At the end of the reading, we swapped the unsigned book with a signed copy (Neil signed 400 copies for Copperfield Books earlier that day), but for many of his fans, it was going to be a long night. I am sure they did not resent it, because to them, waiting in line all night was a fair price to pay for spending a moment in the company of this god.

It was a really good day.

Photos by Rebecca McCue

Every Girl Deserves A Mister Darcy

You will be hard pressed to find someone these days who married without love. Not that such couples don't exist especially where I come from, but most marriages result from months (if not years) of courtship and a gradual growth of mutual affection. This is why the romance in Jane Austen's books gives me a little wishful heartache. Meeting eligible men at grand balls, getting to know them while dancing, showing in gestures rather than words your partiality towards a person, and most importantly, falling in love after a few most formal interactions - how impossible and absurd this sounds today. And how very simple at the same time. 

I started my Jane Austen journey with Mansfield Park last month after this article caught my attention, because 1. I needed an audiobook to listen to during my hour-long commute to and from work, and all of Jane Austen's books are available for free through the Audiobooks app for iPhone, and 2. I work in a Neuroscience lab at Stanford and many of my co-workers study the representation of pain in the brain. The article mentioned above studies Jane Austen in the brain - close enough, right? 

After reading Mansfield Park and Pride and Prejudice, I think I know what sort of man Jane Austen would have married had that been in the cards for her. Serious and reserved to the point of being withdrawn, but kind and gentle at the same time - a kind of Edmund Bertram and Fitzwillian Darcy hybrid. Edmund in Mansfield Park is a much more lovable character throughout than Mr. Darcy in Pride and Prejudice. Edmund's gentleness and propriety are in perfect proportions. He is self-effacing, responsible, and the best part - he has a ready smile. He makes mistakes and isn't afraid to admit his flaws and weaknesses. Mr. Darcy is his opposite at the beginning of Pride and Prejudice. While striking in appearance and regal in countenance (and with pockets full of cash), his pride immediately makes him unpleasant company.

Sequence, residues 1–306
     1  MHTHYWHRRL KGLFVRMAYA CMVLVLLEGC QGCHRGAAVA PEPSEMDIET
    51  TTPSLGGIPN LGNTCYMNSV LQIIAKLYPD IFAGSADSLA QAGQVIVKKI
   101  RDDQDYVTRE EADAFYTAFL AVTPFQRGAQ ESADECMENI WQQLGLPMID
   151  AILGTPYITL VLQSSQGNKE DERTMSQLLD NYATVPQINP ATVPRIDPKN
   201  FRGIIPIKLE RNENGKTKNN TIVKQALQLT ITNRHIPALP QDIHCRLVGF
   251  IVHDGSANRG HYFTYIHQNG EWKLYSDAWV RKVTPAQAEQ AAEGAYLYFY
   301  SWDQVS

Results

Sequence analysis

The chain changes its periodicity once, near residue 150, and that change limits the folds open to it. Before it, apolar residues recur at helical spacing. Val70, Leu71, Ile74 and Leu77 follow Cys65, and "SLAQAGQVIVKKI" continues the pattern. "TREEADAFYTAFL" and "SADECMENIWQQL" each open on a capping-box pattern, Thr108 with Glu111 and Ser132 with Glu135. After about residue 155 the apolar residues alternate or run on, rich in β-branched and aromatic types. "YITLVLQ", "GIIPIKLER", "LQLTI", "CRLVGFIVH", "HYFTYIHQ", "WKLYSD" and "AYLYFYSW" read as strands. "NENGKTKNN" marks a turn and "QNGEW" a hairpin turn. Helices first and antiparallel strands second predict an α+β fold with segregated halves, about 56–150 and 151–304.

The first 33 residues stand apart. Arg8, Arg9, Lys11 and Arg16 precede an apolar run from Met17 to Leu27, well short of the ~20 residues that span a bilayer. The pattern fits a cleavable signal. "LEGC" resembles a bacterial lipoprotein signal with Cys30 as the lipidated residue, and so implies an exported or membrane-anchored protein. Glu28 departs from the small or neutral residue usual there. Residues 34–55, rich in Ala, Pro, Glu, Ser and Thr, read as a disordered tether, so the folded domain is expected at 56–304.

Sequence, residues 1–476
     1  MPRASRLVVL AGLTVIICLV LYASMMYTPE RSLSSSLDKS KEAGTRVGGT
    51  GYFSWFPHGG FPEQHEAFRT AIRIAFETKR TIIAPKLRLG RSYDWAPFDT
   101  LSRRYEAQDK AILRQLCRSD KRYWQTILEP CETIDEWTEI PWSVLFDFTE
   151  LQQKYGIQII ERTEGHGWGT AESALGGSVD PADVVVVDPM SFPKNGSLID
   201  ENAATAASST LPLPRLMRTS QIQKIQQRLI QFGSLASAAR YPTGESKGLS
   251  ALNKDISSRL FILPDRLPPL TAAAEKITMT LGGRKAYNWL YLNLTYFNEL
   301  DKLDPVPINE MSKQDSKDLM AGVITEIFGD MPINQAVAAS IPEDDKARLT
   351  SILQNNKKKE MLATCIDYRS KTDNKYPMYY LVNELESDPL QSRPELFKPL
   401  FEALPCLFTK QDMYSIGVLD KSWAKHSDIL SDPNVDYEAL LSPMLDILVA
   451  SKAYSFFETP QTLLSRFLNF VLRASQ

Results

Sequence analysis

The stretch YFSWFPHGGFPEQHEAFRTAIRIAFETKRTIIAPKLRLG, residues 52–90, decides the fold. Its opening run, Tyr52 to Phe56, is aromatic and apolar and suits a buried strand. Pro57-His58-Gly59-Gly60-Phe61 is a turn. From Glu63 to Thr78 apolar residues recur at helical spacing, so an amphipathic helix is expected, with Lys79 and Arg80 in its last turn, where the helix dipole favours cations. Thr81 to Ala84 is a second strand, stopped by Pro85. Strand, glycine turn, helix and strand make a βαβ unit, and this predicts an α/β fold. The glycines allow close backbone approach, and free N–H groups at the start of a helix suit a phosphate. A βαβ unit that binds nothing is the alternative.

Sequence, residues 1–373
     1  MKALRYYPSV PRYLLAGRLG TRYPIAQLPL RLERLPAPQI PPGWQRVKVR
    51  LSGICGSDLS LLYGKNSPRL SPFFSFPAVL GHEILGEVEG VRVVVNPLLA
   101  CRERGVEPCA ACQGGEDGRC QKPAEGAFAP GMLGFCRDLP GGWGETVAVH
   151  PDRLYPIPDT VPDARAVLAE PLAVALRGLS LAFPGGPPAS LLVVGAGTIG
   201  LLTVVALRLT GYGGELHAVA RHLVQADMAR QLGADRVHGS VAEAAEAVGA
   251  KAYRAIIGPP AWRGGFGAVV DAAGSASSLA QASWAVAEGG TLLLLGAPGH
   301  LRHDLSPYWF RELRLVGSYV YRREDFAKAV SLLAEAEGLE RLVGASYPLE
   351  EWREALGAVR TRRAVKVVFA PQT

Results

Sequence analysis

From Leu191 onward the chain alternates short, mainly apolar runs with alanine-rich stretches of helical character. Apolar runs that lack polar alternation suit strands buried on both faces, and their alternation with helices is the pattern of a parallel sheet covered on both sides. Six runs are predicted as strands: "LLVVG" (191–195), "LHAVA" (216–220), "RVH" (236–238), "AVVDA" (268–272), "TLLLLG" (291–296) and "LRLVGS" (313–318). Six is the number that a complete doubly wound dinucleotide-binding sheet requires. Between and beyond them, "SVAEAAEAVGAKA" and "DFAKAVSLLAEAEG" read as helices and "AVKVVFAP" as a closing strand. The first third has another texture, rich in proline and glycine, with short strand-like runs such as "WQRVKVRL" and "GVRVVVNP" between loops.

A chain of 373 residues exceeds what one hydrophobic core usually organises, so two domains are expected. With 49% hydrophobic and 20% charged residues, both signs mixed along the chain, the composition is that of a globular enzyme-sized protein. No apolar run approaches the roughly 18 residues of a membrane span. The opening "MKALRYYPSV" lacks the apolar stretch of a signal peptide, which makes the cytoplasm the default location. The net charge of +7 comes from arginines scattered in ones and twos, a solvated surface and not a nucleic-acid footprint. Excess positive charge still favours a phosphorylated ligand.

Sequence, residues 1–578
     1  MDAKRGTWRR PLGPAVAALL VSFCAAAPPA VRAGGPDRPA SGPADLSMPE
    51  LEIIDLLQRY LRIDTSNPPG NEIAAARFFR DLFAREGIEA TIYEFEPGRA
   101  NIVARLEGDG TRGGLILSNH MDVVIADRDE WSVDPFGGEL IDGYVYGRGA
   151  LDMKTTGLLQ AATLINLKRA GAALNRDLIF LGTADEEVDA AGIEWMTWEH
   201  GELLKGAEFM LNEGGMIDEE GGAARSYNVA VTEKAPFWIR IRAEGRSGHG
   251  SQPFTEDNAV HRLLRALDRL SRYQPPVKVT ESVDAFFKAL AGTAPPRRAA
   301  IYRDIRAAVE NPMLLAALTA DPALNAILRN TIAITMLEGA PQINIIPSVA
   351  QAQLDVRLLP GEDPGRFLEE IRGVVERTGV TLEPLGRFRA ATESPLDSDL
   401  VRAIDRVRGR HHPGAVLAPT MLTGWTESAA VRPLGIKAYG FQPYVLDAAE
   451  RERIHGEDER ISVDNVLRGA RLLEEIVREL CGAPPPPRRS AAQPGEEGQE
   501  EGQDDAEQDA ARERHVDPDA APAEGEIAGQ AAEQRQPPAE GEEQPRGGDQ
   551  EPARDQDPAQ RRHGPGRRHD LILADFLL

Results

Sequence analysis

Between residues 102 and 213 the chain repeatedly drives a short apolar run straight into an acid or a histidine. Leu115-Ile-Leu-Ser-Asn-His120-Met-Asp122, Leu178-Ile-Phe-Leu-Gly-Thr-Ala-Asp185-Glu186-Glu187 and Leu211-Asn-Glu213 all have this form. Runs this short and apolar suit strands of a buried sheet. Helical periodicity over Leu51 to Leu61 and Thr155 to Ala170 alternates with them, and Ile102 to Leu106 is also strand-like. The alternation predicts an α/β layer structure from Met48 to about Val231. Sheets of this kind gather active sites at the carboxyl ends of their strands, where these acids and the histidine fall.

It's the change in Mr. Darcy that interests me. It's the simple act of falling in love - and not just any love - such ardent love that money, connections, society, propriety be damned, he does not let anything stand in the way of his object, which is to be married to Elizabeth Bennet. A girl inferior to him in the ranks of society, described as pretty but not beautiful, opinionated, and independent. 

Ah, to have an attachment so fierce as to change one's character - replace pride with humility, adopt civility instead of haughtiness, compromise friendships and connections for one person - is that true love? Is the biggest achievement in love to change someone for the better, or does the true meaning of this king of emotions reside in accepting your significant other just the way they are, no questions, no arguments? Is it possible to be consumed with love for someone who is fundamentally flawed? 

Whatever the case, the pull of Mr. Darcy's character lies in his quest for Elizabeth. He fights for her. That's what every girl should have - a man who is so certain of his love for her that he doesn't give a damn about anything else. There is nothing more romantic than such a story. 

Yes, every girl deserves a Mr. Darcy, but then when the fight is over, and the woman is won, and the marriage is done - that's when the haze of new love evaporates and you realize you still have the rest of your life to live. What happens then? Is love ever enough? Or does the story circle back and end like Mr. and Mrs. Bennet who have known no affection in their long conjugal years, because the decision to marry was made as rash youngsters and Mrs. Bennet's mind was so different from Mr. Bennet's that the ferocity of youthful affection simply wasn't enough to sustain a healthy marriage? 

Such are my thoughts when I listen to Karen Savage narrating Jane Austen's texts in the most entrancing yet soothing tones. Yes, every girl deserves a Mr. Darcy...but what happens next?